Commenter Michael brought up an excellent question: what about the Turkish army? From the beginnings of the Turkish Republic in 1923, the army was the final arbiter of Turkish politics, and viewed itself as the defender of the Kemalist secular state. Erdogan and Gul recognized this, and after the AKP ascended to power they went after the military, primarily through judicial means. It has largely neutered military opposition. At present, something like 20 percent of Turkey’s flag officers are in jail on a variety of charges, from plotting coups to far more sordid crimes.
As a result, the military is back on its heels, and poses far less of a threat to Erdogan’s government.
But the protests might change everything, because it changes the game and the players’ beliefs. No doubt the military is nursing its hurts, but heretofore has been unwilling to act because the government appeared popular and on the march. The protests demonstrate that there is serious opposition to Erdogan, and protests can be self-feeding: as protests gain mass, others who disagree with the government learn that more people than they had believed also disagree, which makes them more likely to oppose the government publicly.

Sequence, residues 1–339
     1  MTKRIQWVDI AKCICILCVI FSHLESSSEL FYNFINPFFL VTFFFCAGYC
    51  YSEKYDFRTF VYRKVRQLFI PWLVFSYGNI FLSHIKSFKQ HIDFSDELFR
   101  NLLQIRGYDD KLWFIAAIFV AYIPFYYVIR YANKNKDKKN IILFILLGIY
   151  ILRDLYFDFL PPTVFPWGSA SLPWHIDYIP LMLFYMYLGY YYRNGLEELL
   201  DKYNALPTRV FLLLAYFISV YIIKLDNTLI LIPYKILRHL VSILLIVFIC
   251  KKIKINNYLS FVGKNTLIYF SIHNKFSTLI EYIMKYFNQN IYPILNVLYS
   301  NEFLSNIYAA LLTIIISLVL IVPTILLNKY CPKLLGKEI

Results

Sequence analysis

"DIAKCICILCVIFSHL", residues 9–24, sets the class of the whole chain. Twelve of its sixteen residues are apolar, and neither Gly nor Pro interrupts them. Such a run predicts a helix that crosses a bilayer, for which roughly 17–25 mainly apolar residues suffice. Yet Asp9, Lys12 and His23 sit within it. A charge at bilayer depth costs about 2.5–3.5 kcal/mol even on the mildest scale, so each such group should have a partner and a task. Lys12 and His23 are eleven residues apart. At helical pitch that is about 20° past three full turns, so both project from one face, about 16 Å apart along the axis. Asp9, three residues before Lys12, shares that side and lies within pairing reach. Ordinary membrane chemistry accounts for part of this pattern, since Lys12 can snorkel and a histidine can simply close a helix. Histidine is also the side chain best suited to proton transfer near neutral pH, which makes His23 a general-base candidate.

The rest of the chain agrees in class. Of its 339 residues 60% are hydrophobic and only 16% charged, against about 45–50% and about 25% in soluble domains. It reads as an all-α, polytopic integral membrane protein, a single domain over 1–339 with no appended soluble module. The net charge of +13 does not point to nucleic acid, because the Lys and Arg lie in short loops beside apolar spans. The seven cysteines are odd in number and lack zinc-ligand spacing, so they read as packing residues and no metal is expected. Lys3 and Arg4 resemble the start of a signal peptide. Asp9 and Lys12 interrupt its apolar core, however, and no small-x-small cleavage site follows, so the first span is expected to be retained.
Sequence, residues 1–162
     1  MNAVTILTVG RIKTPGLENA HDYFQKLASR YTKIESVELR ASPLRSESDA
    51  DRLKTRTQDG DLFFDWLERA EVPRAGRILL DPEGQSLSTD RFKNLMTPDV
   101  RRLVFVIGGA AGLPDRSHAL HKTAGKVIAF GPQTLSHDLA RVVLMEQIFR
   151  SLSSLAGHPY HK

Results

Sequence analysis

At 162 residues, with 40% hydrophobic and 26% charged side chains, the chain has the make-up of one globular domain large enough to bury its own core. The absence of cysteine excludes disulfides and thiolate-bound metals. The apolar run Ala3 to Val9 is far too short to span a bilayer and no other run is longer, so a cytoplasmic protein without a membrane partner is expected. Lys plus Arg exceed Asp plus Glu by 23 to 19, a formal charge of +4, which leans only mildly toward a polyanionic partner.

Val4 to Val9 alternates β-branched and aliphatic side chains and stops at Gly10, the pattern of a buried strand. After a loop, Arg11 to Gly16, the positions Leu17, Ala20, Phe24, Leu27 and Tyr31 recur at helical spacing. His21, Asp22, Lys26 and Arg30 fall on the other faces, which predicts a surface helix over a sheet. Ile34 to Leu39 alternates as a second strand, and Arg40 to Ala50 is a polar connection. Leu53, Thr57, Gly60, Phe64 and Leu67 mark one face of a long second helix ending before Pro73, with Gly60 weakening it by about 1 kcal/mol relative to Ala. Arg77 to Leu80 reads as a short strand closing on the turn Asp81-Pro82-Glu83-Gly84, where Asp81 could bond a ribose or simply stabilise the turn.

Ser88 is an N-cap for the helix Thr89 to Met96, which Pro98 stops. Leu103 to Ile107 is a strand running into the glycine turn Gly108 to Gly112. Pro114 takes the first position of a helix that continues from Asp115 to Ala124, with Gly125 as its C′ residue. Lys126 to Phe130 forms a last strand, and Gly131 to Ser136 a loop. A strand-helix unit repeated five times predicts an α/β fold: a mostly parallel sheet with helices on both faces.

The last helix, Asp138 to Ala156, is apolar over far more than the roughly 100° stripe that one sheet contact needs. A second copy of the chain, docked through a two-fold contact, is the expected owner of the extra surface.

This also provides information to the military, telling the officers in particular that Erdogan is more vulnerable than they had believed. This makes them more likely to become emboldened to challenge him. Military opposition, even if scattered, can in turn embolden the civilian opposition.
The military can also use any excesses by Erdogan’s government to justify intervention, saying that they are acting on behalf of the people, protecting them from oppression. They can wrap self-interested intervention in patriotic and populist justifications.
This is now a plausible scenario. Though not the only one. The opposition has a varied agenda, and inherently faces coordination problems that the government can exploit.
But the military can potentially determine the balance of power. Whereas it was reluctant to act independently after Erdogan’s purge, its calculus is now likely to change, because it now knows that there is widespread public opposition to Erdogan: this increases its estimate of the odds that it can prevail if it challenges the government. It can serve as a power broker, either by throwing its support to the opposition, or by threatening to do so, and negotiating with Erdogan to restore its dominant position in the Turkish state.
It surprises me that little of the commentary has considered the military’s role going forward: the coverage has focused on the turmoil in the streets. (I plead guilty too-Michael’s comment snapped me out of it.) This reflects a Romanticism that dominates popular perceptions of revolution. But in revolutions, the military typically plays the decisive role. This is likely to be true in Turkey too, especially given the military’s role in the Turkish Republic for the last 80 years. A new Kemal, or a Turkish Franco, is a very real possibility.
So keep an eye on the Turkish military. Hopefully the media will figure out it should be watching it more closely too.